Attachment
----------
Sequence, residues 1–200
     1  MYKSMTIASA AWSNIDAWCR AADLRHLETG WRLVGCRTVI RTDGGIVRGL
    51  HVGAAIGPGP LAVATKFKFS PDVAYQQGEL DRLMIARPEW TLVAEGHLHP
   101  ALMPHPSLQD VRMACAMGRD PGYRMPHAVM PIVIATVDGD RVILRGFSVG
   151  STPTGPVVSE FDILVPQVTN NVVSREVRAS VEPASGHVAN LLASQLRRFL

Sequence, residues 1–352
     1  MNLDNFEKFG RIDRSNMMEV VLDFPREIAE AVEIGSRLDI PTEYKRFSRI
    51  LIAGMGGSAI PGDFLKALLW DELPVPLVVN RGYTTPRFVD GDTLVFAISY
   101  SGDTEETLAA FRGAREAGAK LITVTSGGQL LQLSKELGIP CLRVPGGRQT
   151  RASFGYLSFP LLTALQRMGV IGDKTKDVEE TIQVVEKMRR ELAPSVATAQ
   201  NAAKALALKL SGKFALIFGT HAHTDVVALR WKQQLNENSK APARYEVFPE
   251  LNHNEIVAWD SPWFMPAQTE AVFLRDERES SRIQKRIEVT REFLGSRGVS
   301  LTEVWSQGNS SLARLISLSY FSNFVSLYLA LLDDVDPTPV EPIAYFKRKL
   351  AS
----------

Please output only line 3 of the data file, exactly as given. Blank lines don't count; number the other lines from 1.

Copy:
    51  HVGAAIGPGP LAVATKFKFS PDVAYQQGEL DRLMIARPEW TLVAEGHLHP